He goes further to believe that, in Hong Kong at least, authorities are discussing the idea of moving to a single, universal regulator - as has happened in Britain, more recently in Japan and, effective this week, in Korea. (That said, Shipman says it will take several years for this to be realised, if Hong Kong does decide to create a universal regulator.)

This will have a profound impact on the asset management industry over time. Bray points out that it won't do for governments to simply get rid of the originate-to-distribute securitisation model, despite Main Street pressure for heavy regulation.

"Growing economies need more finance," he says. In the 1990s it became obvious that banks' lending books were insufficient, given capital requirements and the cost of lending. Securitisation was meant to expand access to capital by spreading out the risk. "The model was flawed but the rationale still holds," Bray says. "Liquidity is about velocity, the speed with which money can move throughout the system."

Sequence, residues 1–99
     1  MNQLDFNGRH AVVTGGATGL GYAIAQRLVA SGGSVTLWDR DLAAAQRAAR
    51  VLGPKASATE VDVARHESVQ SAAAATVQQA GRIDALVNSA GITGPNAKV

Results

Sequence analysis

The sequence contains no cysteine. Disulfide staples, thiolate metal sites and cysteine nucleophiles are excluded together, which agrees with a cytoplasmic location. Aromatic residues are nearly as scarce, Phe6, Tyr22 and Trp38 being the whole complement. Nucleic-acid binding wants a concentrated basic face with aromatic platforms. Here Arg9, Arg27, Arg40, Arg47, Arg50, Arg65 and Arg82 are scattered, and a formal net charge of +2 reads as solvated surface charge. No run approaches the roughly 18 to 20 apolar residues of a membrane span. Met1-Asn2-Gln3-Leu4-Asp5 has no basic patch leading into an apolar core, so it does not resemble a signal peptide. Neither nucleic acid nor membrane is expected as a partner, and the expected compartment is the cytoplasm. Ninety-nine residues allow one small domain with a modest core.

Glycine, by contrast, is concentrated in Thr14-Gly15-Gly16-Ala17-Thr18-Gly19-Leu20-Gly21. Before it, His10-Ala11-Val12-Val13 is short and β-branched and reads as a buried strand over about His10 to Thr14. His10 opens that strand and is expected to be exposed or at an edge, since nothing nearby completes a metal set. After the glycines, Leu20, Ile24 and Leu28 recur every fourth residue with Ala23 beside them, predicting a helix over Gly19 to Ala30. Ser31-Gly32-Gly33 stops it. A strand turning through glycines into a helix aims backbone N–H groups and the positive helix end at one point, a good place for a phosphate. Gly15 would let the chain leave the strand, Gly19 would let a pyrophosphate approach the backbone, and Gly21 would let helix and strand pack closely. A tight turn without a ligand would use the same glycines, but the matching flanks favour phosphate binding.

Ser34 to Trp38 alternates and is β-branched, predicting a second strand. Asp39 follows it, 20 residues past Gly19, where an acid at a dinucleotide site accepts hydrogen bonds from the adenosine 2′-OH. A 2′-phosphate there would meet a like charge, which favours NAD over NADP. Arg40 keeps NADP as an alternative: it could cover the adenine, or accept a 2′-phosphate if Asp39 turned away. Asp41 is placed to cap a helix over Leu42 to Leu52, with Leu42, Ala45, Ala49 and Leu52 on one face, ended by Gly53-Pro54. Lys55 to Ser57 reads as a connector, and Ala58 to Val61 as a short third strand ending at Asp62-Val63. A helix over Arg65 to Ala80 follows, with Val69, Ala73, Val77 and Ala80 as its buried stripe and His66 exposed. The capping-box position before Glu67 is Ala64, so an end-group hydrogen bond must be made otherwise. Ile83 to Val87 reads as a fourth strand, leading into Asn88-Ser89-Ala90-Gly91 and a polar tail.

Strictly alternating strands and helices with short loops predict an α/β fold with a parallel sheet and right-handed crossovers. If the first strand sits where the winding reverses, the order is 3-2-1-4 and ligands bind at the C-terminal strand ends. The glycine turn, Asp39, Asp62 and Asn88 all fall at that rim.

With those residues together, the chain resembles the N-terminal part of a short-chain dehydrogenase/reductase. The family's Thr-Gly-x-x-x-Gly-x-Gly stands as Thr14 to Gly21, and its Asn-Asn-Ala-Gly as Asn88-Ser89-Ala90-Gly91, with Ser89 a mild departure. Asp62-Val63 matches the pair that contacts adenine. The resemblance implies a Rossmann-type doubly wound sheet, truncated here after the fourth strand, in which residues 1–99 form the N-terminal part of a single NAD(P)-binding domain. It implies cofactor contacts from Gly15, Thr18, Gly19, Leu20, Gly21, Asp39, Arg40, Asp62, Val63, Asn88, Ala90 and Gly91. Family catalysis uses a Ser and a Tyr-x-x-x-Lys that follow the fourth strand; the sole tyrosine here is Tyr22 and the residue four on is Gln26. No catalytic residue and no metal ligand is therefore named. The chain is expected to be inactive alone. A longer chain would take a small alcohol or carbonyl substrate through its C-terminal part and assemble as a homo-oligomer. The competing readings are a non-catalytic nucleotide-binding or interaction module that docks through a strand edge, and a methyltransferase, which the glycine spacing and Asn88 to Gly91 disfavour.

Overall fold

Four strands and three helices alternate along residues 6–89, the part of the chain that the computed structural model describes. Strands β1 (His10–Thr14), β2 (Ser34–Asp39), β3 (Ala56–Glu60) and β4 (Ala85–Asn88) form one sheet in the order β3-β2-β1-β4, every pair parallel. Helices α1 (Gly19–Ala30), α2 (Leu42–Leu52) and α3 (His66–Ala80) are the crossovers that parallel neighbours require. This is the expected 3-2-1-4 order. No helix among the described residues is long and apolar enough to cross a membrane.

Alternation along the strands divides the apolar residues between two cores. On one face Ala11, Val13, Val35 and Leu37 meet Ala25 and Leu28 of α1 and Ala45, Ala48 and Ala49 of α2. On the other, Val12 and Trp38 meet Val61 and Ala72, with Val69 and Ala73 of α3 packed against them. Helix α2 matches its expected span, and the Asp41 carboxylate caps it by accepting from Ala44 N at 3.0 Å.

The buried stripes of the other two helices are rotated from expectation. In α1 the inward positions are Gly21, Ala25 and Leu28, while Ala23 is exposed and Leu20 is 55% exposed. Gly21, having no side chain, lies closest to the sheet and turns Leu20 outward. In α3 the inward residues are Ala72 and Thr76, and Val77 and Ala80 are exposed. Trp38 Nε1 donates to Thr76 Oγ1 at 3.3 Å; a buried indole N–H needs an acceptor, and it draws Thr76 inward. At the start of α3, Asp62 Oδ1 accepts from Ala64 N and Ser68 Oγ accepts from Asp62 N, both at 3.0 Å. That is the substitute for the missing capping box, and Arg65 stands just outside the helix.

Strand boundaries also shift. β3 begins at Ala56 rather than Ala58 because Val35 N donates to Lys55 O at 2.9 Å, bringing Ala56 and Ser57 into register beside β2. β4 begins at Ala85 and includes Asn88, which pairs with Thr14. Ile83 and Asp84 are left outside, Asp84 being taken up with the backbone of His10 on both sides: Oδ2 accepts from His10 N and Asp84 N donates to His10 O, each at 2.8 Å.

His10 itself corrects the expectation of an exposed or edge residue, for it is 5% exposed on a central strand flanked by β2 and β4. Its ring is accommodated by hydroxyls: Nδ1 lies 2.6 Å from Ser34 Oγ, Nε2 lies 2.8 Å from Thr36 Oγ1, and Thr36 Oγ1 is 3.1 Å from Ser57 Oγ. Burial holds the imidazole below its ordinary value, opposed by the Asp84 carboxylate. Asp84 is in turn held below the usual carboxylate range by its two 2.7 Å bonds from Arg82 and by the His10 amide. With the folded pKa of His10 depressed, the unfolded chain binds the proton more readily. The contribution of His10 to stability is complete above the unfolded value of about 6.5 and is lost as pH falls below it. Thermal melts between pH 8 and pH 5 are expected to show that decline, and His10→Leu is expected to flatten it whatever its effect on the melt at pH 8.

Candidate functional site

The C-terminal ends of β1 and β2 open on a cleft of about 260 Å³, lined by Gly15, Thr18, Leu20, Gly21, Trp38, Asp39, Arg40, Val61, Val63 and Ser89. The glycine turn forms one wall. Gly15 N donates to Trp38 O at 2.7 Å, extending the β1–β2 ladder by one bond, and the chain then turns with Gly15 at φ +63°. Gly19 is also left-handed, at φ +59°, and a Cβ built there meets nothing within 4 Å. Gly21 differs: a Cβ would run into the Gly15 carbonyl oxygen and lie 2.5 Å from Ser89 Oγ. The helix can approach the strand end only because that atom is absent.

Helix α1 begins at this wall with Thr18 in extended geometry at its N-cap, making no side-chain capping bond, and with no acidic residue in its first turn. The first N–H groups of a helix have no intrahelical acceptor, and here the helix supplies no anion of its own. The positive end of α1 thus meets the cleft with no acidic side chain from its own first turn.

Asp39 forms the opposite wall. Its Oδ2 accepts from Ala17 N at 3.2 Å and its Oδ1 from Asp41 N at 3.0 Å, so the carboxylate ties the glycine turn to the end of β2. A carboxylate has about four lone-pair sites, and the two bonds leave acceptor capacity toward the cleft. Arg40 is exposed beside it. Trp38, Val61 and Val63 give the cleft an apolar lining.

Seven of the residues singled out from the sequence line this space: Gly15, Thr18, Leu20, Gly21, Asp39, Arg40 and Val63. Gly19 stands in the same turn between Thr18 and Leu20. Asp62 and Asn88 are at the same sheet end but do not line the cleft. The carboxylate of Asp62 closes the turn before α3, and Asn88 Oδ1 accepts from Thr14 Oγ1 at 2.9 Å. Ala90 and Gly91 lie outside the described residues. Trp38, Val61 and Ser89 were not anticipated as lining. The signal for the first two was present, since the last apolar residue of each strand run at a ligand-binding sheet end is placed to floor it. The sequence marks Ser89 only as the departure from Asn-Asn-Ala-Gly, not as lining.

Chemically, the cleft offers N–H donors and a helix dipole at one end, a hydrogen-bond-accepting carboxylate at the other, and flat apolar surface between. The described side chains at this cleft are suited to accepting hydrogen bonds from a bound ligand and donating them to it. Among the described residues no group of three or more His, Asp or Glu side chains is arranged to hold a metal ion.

The need for finance is even more acute for emerging markets seeking to maintain (or restore) high levels of economic growth. Although Asian banks may not suffer from such a heavy hand, their activities will nonetheless be curtailed.

"I see the expansion of the asset management industry in Asia over time," Shipman says. "We need alternative fund vehicles with private pools of capital to lend." He notes that today most of the bombed-out Asian hedge-fund space consists of equity long/short managers. The industry needs, and will get, more credit-oriented funds that can meet Asia's financing requirements, he predicts.

"Today fund managers have suffered a severe drop in AUM," Shipman notes. "In the short term they face shrinkage and consolidation. In the medium term, they'll play a bigger role."

He expects to see more asset managers step into traditional investment banking roles, providing advice to corporations in the region. (AsianInvestor reported as early as mid-2007 that big buy-side players such as Pimco had already begun to do this in America.)